Image above: NASA astronaut Bob Hines processes samples for Food Physiology, a study aimed at defining food systems requirements and more efficient dietary interventions to maintain crew health and performance on space missions. Image Credit: NASA.

- Food Physiology characterizes the effects of an enhanced spaceflight diet on immune function and the gut microbiome. Results could help define targeted, efficient dietary interventions and requirements for a food system to maintain crew health and performance on future long-duration missions.

- The ESA GRASP investigation examines how our central nervous system integrates information from different sensations such as sight and hearing to coordinate grasping an object. This investigation could provide insight into how the body adapts to microgravity and how to best treat the loss of vestibular function on Earth.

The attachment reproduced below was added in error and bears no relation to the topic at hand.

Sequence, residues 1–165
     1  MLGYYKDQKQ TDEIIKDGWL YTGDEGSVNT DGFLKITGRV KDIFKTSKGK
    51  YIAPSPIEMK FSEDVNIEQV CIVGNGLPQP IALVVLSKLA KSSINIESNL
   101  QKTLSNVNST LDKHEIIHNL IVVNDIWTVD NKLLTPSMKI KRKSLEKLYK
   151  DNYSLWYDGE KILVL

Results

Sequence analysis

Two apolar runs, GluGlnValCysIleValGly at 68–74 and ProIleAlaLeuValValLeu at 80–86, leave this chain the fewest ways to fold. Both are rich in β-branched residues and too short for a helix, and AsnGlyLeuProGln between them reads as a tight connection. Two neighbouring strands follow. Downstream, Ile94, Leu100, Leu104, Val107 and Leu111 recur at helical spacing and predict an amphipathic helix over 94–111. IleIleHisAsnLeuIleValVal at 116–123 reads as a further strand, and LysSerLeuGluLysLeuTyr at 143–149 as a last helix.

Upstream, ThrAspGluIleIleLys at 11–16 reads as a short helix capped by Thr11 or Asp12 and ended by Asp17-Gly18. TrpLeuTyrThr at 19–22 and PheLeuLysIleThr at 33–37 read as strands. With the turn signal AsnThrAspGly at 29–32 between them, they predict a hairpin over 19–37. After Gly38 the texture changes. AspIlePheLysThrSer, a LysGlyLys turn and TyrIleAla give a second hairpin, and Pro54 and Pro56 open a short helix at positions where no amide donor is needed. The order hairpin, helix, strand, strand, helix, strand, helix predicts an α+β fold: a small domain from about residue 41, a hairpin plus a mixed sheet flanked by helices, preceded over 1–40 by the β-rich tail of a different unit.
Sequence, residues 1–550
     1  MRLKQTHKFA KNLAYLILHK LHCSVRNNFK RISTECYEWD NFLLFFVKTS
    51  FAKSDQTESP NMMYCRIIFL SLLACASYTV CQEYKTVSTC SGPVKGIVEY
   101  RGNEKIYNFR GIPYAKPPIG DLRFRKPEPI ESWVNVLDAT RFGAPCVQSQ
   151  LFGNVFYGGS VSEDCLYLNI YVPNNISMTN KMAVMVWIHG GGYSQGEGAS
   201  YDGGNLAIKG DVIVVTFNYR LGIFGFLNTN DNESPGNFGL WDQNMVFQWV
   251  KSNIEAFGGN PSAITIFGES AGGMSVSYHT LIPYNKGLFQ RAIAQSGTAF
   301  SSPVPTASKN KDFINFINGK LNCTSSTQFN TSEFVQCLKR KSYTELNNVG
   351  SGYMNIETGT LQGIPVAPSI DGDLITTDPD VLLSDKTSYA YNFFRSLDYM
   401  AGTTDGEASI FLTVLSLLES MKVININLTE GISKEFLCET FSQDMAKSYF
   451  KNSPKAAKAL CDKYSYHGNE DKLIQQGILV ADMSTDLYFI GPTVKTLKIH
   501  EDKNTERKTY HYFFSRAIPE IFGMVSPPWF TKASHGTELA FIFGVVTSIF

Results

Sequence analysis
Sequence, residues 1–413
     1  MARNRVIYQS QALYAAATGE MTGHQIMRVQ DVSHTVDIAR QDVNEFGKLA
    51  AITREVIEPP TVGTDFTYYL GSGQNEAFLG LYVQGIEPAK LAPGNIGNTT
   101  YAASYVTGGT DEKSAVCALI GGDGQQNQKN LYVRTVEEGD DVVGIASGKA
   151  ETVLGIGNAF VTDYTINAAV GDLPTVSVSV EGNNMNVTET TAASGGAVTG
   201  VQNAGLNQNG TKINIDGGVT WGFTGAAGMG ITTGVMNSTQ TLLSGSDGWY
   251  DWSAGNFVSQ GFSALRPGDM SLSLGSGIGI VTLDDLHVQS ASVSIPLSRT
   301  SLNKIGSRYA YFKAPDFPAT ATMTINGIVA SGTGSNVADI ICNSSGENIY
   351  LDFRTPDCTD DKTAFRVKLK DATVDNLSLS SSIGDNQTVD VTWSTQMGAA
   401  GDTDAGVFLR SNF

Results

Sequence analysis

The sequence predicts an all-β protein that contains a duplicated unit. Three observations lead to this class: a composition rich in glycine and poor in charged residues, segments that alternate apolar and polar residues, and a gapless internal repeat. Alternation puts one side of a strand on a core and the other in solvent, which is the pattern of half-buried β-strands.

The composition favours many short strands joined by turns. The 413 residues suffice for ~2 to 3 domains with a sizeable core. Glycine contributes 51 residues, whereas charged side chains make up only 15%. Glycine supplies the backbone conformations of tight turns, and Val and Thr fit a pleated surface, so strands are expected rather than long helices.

- Airborne Particulate Monitor (APM) demonstrates an instrument for measuring and quantifying the concentration of particles in spacecraft air. Results could support design of better environmental monitoring hardware for space vehicles and habitats, which becomes more important as mission duration increases. The technology also has applications in environmental monitoring and air pollution studies on Earth.

- Wireless Compose-2, an investigation from ESA, demonstrates wireless infrastructure for sensor monitoring and data transmission to support scientific experiments in microgravity. Results could contribute to new technologies for monitoring the health of astronauts and people on the ground and hardware that provides more precise control of free-flying robots.

- ISS Ham Radio provides students, teachers, parents, and others the opportunity to communicate with astronauts using amateur radio units. Before a scheduled call, students learn about the station, radio waves, and other topics, and prepare a list of questions on topics they have researched.

Space to Ground: Science Season: 05/13/2022

Related links:

Expedition 67:

Acoustic Diagnostics:

Cerebral Autoregulation:


ISS National Lab:

Spot the Station:

Space Station Research and Technology:

International Space Station (ISS):

Images (mentioned), Animation (mentioned), Video (NASA), Text, Credits: NASA/Ana Guzman/John Love, ISS Research Planning Integration Scientist Expedition 67.

Best regards,